correspondence, TVNZ suggested that Fair Go meant that it was too late to get other cover.
In fact, that was not an option – Fair Go knew that there was no other insurance
available. It was certainly too late to plant other crops, and apparently, after their
meeting growers learned that it was too late to recover their premiums since they had
already been paid. Whatever was meant by "too late" was left open and the Authority was
of the view that by omitting the point that there was no other insurance available, it was
possible that viewers were led to an unfair conclusion about what was meant and it would
have been open to them to draw a number of unreasonable inferences which were unfair
to Jardines. Accordingly, it upheld the complaint that this aspect of the programme was in
breach of standard G4.
6. Jardines' refusal to appear and the identities of the growers
The programme referred to a grower "too exhausted emotionally and physically" to appear
on Fair Go who had lost hundreds of thousands of dollars, and to other growers who had
"files of correspondence" to and from Jardines on the crop insurance problems.
Jardines refused to comment on those growers' concerns, stating that it was not prepared
to discuss generalities and requesting the names of the individual complainants. It
complained that it was unfair to state on the programme that it had refused to appear
simply because the complaints were not specific enough. It maintained that the principal
reason why it did not appear was because it did not know who the complainants were.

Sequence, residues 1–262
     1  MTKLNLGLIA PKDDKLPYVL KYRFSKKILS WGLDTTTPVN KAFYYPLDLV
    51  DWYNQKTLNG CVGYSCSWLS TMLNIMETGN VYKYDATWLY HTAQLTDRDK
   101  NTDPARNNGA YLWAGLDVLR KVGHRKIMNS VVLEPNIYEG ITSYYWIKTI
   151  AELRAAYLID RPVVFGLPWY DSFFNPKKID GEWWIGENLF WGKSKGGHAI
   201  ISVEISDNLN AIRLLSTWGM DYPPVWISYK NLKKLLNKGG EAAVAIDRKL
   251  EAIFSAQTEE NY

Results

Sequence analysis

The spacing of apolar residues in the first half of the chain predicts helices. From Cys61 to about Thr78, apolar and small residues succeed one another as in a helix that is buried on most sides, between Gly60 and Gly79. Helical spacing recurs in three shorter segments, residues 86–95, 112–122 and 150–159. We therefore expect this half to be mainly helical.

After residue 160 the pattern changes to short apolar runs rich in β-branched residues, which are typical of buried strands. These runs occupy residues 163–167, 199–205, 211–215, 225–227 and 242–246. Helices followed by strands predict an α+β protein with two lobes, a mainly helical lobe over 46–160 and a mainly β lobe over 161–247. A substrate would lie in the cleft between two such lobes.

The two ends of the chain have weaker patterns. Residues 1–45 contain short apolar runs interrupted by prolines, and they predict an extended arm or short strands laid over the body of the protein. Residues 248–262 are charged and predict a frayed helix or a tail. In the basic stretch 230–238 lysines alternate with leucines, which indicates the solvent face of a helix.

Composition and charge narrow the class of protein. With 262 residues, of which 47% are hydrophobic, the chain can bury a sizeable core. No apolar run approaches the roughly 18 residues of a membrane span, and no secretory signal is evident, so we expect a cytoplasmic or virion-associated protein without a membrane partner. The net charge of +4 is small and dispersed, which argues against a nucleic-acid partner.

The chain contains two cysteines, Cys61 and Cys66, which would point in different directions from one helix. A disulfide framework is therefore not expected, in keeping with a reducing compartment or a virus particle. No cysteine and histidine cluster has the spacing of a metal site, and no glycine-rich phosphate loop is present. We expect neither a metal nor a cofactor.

Jardines accused Fair Go of dishonesty because it did not inform viewers of the real reason
why it did not appear.
TVNZ responded that Fair Go was unable to release that information to Jardines because
the growers had requested anonymity. However, it argued, the issues were general,
factual and legal and the identity of the individual growers was irrelevant. It maintained
that the correspondence between the growers and Jardines clearly identified the growers'
The Authority was inclined to agree with TVNZ that the identities of the individual
growers were immaterial and that the questions put to Jardines before the programme
(copies of which were provided to the Authority) were specific enough to warrant a
response. The Authority considered that when there were a number of disgruntled people,
as in this case, it was not necessary to name them all. However, if they were not to be
named, there was a greater onus on the reporter to take particular care to ensure that the
party being complained about was dealt with fairly and that the programme had its facts
It also believed it was somewhat unfair to Jardines when the story had apparently been
researched for some weeks that it was not approached until two days before it went to air.
Nevertheless, the Authority found it difficult to understand why Jardines was so
intractable on the issue of the identities of the complainants when it appeared to the
Authority that the issues were mainly general ones. It considered that had Jardines taken
a more conciliatory stance and responded to the questions put to it, the programme would
have been fairer to Jardines.
A majority of the Authority upheld the complaint that Fair Go's explanation of why
Jardines would not respond to its queries was an inaccurate summary of Jardines' position
and accordingly was in breach of standard G1.
The minority, on the other hand, considered that Jardines had to assume some
responsibility for its treatment in the programme because it was unwilling to cooperate
with its production. It concluded it was neither inaccurate nor unfair to state that the
reason Jardines refused to participate was because it did not think the complaints were
Overall, the Authority concluded that in a programme in which a number of serious
allegations were made about Jardines and its relationship with its clients, there was a
particular onus on Fair Go to ensure that those allegations were substantiated. The
Authority considered that it was particularly important that Fair Go made sure the